Forage Species

Naturalized grasslands contain many plant species all more or less adapted to the local environment. Each species in a pasture or field has a set of environment conditions that it is best adapted to. Environmental conditions include: sunlight intensity and day-length, daily maximum and minimum temperature, rainfall, soil drainage and rooting depth, soil pH and fertility, and defoliation frequency and intensity. Weather and management of the site will determine which plant species dominate the stand in a given year and over time. Knowing the major plant species in a grassland enables the manager to properly manage that grassland for pasture or hay.

The following fact sheets and web links provide an introduction for identifying the major plant species that grow in pastures and hay fields in West Virginia.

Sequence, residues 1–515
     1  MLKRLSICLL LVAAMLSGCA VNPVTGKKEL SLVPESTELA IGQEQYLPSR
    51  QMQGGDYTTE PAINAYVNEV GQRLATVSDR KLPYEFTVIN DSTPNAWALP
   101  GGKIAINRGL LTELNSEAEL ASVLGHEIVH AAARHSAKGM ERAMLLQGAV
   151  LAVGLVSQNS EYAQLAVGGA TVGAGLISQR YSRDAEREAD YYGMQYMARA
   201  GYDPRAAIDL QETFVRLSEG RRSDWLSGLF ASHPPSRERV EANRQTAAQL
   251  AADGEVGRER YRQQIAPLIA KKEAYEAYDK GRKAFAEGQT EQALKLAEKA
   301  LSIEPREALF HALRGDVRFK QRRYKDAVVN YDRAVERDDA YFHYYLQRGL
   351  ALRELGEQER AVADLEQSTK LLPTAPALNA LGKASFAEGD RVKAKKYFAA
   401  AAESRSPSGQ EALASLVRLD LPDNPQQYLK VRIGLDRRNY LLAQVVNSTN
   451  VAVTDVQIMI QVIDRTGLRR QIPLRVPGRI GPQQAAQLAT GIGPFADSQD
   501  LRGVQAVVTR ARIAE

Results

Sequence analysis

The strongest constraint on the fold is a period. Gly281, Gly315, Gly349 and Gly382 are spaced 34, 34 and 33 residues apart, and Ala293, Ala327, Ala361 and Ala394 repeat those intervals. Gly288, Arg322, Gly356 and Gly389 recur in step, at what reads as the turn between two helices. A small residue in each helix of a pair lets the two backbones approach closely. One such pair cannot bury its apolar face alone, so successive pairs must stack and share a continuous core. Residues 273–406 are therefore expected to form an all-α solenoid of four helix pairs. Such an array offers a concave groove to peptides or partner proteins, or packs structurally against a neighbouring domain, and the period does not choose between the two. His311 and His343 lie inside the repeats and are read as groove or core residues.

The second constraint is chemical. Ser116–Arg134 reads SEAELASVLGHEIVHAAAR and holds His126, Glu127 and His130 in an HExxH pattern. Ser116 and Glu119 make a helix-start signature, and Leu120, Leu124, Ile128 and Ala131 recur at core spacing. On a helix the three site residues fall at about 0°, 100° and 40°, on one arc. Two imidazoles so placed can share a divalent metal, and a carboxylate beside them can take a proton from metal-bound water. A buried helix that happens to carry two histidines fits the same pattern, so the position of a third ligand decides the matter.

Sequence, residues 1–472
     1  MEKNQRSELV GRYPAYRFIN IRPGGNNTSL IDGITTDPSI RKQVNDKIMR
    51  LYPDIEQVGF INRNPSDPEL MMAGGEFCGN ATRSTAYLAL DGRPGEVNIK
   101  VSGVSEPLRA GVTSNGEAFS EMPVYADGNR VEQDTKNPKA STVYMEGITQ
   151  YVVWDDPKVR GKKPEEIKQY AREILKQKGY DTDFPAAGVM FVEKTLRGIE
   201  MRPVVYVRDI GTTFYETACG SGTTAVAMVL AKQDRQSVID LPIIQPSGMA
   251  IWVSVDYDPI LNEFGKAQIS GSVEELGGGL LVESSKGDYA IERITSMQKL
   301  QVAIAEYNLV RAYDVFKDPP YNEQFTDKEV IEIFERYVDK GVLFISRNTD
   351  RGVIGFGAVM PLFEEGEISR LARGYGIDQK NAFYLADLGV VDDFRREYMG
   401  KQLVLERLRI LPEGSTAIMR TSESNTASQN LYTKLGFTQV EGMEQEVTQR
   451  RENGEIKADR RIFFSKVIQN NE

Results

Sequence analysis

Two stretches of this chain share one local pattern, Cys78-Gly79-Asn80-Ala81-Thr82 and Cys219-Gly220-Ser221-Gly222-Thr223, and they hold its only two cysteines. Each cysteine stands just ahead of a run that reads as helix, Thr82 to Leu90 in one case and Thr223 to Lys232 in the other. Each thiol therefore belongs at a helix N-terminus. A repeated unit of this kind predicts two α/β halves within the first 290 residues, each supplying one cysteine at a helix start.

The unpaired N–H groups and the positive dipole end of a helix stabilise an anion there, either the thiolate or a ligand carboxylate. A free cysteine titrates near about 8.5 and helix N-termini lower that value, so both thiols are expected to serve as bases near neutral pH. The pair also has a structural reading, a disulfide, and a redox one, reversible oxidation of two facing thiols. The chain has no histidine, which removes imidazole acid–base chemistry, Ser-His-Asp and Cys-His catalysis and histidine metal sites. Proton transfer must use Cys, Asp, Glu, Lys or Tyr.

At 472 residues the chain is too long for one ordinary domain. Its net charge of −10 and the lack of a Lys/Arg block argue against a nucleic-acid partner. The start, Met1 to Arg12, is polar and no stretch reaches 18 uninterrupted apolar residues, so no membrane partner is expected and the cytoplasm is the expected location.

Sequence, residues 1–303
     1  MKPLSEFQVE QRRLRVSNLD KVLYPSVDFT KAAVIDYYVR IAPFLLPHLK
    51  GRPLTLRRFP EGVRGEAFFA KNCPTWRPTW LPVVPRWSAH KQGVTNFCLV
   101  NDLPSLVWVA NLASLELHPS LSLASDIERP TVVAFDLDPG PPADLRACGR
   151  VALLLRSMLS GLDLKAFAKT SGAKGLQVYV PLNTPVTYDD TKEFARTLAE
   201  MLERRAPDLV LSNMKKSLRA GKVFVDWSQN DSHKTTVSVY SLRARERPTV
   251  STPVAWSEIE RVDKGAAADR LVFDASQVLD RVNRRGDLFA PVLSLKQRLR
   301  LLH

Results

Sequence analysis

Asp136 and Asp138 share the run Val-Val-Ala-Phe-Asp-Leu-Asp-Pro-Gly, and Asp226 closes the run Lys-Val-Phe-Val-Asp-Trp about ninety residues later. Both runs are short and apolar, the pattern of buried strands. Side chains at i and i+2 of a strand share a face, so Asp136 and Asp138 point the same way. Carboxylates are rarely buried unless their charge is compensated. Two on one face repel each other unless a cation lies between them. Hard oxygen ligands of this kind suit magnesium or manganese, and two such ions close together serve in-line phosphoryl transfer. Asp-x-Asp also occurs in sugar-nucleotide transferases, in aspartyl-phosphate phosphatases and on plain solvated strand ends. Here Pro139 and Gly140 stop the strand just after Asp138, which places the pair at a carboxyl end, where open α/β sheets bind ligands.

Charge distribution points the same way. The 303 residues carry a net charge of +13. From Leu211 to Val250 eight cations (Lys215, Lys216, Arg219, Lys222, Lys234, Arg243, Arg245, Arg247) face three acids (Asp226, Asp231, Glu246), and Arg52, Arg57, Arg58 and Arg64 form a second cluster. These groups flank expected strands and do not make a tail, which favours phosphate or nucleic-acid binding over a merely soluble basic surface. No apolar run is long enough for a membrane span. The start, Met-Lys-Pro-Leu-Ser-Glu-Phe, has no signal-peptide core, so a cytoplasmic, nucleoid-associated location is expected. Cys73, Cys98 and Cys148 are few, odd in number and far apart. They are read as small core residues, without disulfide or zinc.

Plant Identification

Identification of Grasses by Their Vegetative Characters

100 Native Forage Grasses in Southern States
Many of these native grasses are found in West Virginia.

Culture and Management

Alfalfa Management American Society of Agronomy

Annual Ryegrass Univ. MD

Tall Fescue Management

Annual Lespedezas, Culture and Use.
This is an older USDA bulletin that provides basic information not readily available elsewhere.

Crimson Clover Case Study in West Virginia

Northeast Regional Research Publications

Orchardgrass; Bulletin 557T

Timothy; Bulletin 570T

Smooth Bromegrass; Bulletin 554T

Reed Canarygrass; Bulletin 550T

Life Histories

Life history of quackgrass

Life history of crabgrass

Life history of foxtail

Life history of horse nettle